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Read Elmore Leonard’s 10 Rules of Good Writing

In 2001, author Elmore Leonard, who died this morning at the age of 87, wrote a piece for the New York Times in which he laid out, very simply, his ten rules for good writing. You can read the entire piece, with explanations, over at the Times' site, but here are the basic precepts. Print them out. Stick them above your desk. Use them wisely.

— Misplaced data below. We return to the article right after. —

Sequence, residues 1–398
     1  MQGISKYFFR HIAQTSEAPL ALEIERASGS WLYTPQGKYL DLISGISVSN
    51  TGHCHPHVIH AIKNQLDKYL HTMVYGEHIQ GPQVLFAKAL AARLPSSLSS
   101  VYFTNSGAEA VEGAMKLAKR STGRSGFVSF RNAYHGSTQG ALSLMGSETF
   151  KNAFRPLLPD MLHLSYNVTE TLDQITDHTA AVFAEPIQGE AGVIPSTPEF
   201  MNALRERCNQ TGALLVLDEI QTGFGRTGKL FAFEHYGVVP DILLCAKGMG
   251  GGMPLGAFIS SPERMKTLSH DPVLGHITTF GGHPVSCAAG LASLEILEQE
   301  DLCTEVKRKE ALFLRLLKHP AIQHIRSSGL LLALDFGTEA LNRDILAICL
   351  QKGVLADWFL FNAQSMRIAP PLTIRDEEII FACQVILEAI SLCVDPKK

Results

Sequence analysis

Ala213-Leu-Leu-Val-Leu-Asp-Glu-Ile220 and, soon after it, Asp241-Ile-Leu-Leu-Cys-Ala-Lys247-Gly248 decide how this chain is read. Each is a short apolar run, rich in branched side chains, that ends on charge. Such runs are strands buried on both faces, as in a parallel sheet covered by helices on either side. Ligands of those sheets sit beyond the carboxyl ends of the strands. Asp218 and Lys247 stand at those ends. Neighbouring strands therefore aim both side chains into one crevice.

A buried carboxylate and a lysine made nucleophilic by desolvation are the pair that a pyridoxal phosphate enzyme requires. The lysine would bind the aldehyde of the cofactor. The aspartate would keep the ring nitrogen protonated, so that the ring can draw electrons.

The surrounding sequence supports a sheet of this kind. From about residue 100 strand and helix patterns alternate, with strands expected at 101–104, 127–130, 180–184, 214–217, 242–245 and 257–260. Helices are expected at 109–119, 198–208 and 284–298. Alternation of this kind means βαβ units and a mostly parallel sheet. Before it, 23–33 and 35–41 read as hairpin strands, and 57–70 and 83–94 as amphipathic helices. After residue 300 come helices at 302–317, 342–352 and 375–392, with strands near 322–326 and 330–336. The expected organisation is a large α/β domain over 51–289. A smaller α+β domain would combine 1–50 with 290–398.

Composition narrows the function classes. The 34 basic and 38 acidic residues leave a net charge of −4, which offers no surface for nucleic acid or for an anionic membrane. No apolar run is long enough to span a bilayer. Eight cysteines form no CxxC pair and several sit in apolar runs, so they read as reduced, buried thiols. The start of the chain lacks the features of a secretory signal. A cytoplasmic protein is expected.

1.  Never open a book with weather.
  2.  Avoid prologues.
  3.  Never use a verb other than "said" to carry dialogue.
  4.  Never use an adverb to modify the verb "said” … he admonished gravely.
  5.  Keep your exclamation points under control. You are allowed no more than two or three per 100,000 words of prose. 
  6.  Never use the words "suddenly" or "all hell broke loose."
  7.  Use regional dialect, patois, sparingly.
  8.  Avoid detailed descriptions of characters.
  9.  Don't go into great detail describing places and things.
  10.  Try to leave out the part that readers tend to skip.
Photo: Marc Hauser Photography Ltd/Hulton Archive